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Having your teeth professionally cleaned every 3- 4 months is important for patients with diabetes. Contact us at bouldersmiles to keep your gums and bone as healthy as possible Patients with type 2 diabetes more likely to develop periodontitis By Tony Edwards, editor in chief June 22, 2017 -- Periodontal disease is a major complication of diabetes mellitus. But is a patient with type 2 diabetes more likely to develop periodontal disease than a patient with type 1 diabetes? A study presented at the recent American Diabetes Association's annual meeting tried to answer this important question. As these types of diabetes develop quite differently, understanding possible differences in the clinical variables of the two conditions may help prevent and manage periodontal disease in these patients. The researchers found that patients with type 2 diabetes were more likely to have periodontitis and gingivitis than patients with type 1 diabetes. "Periodontal disease prevalence was higher in patients with type 2 diabetes, and it is associated with age progression, duration of disease, and poor glycemic control, regardless of the type of diabetes," the study authors wrote. The study was led by Marcello Gaieta Vannucci, DDS, a dental surgeon in Porto Alegre, Brazil. Age also a factor Periodontal disease involves a complex interplay between oral bacteria and a patient's response to that bacteria. Systemic conditions such as diabetes mellitus also can affect a patient's periodontium. Periodontal disease is the sixth most frequent chronic complication of diabetes mellitus, the study authors noted. “Periodontal disease prevalence was higher in patients with type 2 diabetes, and it is associated with age progression, duration of disease, and poor glycemic control.” — Marcello Gaieta Vannucci, DDS, and colleagues However, as the mechanisms that lead to the development of the diabetes types are different, the researchers sought to discover if patients with type 1 diabetes or those with type 2 diabetes were more likely to have periodontal disease. Their study included almost 290 patients: 102 patients with type 1 diabetes, 103 patients with type 2 diabetes, and 83 patients without diabetes in the control group. The patients were screened for periodontal disease according to the recommendations of the American Academy of Periodontology and the ADA. The study excluded patients who had periodontal treatment in the previous six months. The patients with type 1 diabetes were generally younger than those with type 2 diabetes. None of the type 1 diabetes patients smoked, while 30% of the type 2 diabetes patients did. About 54% of the type 1 diabetes patients were men, compared with 63% of the type 2 diabetes patients. The patients with type 2 diabetes had a rate of periodontal disease more than twice that of patients with type 1 diabetes. However, the researchers also found the factors that affected development of periodontal disease in these patients included age and glycated hemoglobin (HbA1c), which identifies average plasma glucose concentration. The higher the number means the greater the risk of a patient developing complications of diabetes. Characteristics of periodontitis in patients with diabetes Type 1 Type 2 Patient age 19.6 57.1 Percent smokers 0% 30.3% Percent men 54% 63% Number of years diagnosed 7.0 years 10 years Rate of periodontal disease 41.2% 93.2% The type 1 diabetes patients with periodontal disease were generally older than those type 1 diabetes patients without periodontal disease (22.3 years versus 17.7 years). They had been diagnosed with diabetes longer (8.5 years versus 7.0 years) and had a higher HbA1c (10.2 versus 8.8). The type 2 diabetes patients with periodontal disease also were older than type 2 diabetes patients without periodontal disease (58 years versus 44.7 years). They had been diagnosed with diabetes for a longer period of time (10 years versus 5 years) and had a higher HbA1c (8.6 versus 5.7). Patients with type 2 diabetes presented positive associations with severe periodontal diseases as a result of tobacco use (more than 31% versus 14.3%) and more advanced age, the researchers noted. Diabetes type important Periodontal disease is more prevalent in patients with type 2 diabetes than in those with type 1 diabetes, the authors concluded. "After adjustments performed by multivariate analysis, we found that the presence of [type 2 diabetes] increased the chance to have periodontal disease," the researchers wrote.@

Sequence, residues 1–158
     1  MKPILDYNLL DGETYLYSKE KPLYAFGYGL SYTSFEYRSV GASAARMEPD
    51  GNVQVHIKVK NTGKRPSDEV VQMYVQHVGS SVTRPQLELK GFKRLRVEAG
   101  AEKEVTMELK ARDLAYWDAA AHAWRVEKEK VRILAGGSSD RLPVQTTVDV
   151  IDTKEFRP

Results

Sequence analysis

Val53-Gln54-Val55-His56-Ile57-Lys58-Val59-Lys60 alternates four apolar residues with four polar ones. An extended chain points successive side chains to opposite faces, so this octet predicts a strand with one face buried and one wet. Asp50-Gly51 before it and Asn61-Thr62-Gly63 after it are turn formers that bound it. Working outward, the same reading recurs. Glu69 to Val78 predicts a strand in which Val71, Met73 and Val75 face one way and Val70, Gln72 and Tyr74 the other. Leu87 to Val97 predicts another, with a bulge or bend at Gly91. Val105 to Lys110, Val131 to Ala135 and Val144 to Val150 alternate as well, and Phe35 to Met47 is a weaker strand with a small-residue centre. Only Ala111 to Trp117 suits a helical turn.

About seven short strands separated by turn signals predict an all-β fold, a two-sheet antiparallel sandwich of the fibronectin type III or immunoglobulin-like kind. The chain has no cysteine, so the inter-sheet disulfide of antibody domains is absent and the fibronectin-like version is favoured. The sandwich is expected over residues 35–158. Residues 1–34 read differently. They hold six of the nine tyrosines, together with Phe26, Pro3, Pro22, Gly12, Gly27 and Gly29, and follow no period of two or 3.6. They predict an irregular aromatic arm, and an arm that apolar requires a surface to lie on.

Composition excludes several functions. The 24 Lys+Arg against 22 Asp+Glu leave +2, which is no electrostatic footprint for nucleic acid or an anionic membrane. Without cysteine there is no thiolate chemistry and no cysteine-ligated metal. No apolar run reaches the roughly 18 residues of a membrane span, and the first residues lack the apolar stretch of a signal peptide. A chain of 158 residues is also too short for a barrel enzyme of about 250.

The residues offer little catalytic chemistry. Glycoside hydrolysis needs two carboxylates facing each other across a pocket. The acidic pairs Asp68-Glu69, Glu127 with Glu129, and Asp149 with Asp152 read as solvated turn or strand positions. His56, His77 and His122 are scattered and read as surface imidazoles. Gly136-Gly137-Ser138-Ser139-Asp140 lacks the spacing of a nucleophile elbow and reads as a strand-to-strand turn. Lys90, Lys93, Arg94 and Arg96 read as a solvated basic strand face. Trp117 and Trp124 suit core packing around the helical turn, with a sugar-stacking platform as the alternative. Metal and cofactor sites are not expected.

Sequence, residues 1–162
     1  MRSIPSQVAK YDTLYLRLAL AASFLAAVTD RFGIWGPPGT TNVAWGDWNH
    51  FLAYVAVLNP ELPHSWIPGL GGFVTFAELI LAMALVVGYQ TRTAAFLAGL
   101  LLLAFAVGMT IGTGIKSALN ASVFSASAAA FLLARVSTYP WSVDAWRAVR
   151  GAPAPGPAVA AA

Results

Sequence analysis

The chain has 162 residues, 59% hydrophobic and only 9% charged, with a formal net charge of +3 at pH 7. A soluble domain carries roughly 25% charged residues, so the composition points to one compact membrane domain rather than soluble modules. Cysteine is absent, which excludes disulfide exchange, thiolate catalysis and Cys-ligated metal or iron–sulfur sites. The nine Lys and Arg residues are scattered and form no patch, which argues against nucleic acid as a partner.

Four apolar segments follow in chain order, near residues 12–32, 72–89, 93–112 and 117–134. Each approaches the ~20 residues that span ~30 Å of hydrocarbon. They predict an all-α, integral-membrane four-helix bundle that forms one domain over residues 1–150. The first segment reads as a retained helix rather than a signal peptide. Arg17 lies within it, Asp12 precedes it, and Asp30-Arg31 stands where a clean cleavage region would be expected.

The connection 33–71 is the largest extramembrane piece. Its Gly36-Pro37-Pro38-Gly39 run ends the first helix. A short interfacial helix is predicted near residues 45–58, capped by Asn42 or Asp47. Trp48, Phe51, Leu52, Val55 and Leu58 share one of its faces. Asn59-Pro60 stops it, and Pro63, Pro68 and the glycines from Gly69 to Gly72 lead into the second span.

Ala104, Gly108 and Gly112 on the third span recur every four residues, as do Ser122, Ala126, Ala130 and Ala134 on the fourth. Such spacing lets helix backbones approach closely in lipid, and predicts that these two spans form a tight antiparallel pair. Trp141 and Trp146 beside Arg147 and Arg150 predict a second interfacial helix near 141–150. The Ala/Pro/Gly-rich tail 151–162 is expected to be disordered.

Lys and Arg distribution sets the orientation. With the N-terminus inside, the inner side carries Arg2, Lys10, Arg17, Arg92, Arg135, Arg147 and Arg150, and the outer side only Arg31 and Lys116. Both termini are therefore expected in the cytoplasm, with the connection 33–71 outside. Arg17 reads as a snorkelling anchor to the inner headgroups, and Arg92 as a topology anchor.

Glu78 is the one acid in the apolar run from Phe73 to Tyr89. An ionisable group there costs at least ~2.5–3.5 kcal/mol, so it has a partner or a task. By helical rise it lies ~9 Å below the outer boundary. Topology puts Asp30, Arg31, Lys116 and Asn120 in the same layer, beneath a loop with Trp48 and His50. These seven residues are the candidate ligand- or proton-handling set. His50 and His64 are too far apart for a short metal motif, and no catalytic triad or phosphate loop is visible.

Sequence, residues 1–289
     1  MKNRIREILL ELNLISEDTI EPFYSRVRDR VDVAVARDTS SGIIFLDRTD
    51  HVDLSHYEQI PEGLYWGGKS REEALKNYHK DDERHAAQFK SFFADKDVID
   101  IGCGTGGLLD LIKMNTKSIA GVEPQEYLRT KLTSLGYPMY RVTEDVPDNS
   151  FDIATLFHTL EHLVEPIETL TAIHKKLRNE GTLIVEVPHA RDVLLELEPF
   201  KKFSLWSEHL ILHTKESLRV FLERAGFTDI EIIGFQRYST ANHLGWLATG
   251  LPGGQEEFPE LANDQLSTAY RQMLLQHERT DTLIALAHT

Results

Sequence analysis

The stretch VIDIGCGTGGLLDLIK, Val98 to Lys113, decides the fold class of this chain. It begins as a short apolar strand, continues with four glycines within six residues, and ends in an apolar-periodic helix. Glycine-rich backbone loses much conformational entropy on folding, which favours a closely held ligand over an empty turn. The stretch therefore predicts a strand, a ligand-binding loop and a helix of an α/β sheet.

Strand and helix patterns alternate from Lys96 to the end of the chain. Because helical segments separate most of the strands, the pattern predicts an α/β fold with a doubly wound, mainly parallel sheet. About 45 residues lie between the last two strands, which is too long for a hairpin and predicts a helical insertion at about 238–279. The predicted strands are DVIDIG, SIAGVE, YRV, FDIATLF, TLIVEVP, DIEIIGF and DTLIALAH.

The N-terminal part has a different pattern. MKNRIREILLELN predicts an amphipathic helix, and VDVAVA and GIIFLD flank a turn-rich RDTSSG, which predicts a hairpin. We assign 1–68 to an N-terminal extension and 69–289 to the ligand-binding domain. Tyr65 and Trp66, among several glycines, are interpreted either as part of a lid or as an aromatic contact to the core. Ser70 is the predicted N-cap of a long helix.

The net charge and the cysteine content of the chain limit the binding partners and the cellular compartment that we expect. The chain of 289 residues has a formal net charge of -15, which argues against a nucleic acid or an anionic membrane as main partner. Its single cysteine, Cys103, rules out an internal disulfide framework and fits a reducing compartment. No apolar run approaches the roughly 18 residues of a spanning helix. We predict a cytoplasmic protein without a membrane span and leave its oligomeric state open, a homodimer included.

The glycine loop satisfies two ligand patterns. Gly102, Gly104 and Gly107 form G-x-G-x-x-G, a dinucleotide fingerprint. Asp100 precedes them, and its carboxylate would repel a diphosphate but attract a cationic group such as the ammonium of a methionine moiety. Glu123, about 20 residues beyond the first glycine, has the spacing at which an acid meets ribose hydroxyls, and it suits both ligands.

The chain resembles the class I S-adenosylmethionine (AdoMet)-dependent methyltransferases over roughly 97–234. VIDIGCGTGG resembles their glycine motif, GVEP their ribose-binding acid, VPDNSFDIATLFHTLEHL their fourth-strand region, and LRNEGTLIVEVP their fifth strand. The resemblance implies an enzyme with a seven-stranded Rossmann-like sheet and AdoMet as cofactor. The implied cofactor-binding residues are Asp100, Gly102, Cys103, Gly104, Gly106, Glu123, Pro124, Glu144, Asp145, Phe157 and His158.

No child should snore. If yours does, please speak with your pediatrician ASAP. https://www.soundsleephealth.com/blog/consequences-of-untreated-obstructive-sleep-apnea-in-children